Sadly, I didn’t get a photo of the fish…,but I can get one any time because she yuvved it so much she made me carry it home all the way back to HP.  She painted it reallly thickly with fluorescent paint, which looked good under the UV lights of the Under the Sea room but looked a bit brownish in the daylight. It didn’t dry for a long time. I’m not sure it’s dry now.

The idea was you painted a fish and stuck it on the wall, but you could also just paint on the wall as well. This is my handiwork:

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Rave on!

The floor was covered in shredded paper, for messy play and there may have been a few children buried under the piles. I’m not sure. It was dark. Lots of fun though. So much fun that we missed the parachute dance, even though HannahBFLF came down to tell everyone about it. Reuben was disappointed when we went back upstairs, but hey – he was busy adding his own fluorescent fish to the wall.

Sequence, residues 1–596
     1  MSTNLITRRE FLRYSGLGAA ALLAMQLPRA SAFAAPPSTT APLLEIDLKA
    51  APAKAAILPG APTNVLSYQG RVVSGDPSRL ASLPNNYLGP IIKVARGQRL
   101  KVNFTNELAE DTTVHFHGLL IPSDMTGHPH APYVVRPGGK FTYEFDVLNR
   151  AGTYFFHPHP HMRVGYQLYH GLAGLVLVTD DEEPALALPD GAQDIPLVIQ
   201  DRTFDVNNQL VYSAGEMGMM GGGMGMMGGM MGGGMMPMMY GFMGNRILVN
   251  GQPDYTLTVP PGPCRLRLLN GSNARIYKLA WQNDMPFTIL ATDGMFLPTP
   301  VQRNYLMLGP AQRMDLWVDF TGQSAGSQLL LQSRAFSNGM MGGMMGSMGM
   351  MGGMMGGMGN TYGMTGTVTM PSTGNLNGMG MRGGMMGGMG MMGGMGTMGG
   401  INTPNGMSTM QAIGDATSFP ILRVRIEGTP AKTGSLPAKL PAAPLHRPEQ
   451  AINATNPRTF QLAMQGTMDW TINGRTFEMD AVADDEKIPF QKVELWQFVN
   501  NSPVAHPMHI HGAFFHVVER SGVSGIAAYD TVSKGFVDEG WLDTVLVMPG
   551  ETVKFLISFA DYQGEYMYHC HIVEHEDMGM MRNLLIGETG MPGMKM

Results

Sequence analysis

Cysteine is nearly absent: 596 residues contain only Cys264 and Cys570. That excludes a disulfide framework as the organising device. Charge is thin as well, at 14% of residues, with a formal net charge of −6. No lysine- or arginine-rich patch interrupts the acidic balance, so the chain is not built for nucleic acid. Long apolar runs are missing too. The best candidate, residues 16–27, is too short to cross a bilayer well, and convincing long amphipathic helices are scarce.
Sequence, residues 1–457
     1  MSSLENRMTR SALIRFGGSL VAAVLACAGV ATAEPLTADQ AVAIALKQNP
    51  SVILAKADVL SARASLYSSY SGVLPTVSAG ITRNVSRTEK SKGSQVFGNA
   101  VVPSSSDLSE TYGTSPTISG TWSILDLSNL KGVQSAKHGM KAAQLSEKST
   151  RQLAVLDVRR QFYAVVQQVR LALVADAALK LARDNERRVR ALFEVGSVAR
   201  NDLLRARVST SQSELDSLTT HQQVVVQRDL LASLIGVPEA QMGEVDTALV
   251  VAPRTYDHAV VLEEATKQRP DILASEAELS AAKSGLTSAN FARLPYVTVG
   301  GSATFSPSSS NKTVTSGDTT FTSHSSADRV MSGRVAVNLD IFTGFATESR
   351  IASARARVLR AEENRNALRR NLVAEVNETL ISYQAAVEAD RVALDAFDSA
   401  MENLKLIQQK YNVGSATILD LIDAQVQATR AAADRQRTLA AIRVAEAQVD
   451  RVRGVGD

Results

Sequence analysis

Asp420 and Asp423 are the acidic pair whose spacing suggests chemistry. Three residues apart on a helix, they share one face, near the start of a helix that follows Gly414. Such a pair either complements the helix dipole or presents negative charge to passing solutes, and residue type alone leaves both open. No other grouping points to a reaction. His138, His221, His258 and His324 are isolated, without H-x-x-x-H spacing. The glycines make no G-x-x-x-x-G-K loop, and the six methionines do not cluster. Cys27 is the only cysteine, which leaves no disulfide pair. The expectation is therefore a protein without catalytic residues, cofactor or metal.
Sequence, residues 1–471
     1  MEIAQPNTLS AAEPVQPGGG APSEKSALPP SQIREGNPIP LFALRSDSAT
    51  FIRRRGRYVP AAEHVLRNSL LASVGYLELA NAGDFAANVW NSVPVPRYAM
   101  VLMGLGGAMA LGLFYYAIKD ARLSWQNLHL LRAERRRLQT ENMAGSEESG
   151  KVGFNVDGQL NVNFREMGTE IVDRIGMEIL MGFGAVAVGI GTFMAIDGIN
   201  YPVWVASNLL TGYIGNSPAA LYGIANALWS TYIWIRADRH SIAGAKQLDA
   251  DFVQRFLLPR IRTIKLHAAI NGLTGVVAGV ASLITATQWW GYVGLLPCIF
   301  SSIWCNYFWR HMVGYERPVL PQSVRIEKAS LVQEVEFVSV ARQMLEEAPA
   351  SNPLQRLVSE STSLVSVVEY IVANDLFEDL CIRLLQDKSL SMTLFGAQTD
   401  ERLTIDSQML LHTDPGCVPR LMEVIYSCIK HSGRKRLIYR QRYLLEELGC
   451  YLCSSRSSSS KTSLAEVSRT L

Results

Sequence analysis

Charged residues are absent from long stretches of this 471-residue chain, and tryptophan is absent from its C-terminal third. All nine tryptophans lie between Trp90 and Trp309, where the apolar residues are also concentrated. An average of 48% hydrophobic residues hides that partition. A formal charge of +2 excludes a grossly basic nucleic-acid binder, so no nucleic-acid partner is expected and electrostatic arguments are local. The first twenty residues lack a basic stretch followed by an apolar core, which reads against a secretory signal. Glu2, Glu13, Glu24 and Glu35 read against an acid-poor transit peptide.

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We got upstairs just as the party was finishing – I barely got to do any dancing but that’s the way of things when you kids are old enough to know their own minds. As the lights went up, they were stubbornly making playdough shapes at the playdough table and we once again had to drag them away. Still, it was a great afternoon.

On the way back, we sat at the very back of the wizard train, looking out. I wouldn’t recommend it, as I felt distinctly sick going backwards into Bank station. The kids thought it was fun though. And it took Eva’s mind off trapping her fingers in the lift door at Westferry. Who says we don’t show them a good time?

The Museum was ace by the way – we’ll go back there another time when it’s a bit calmer. Though it won’t quite be the same without the hula hooping mermaid…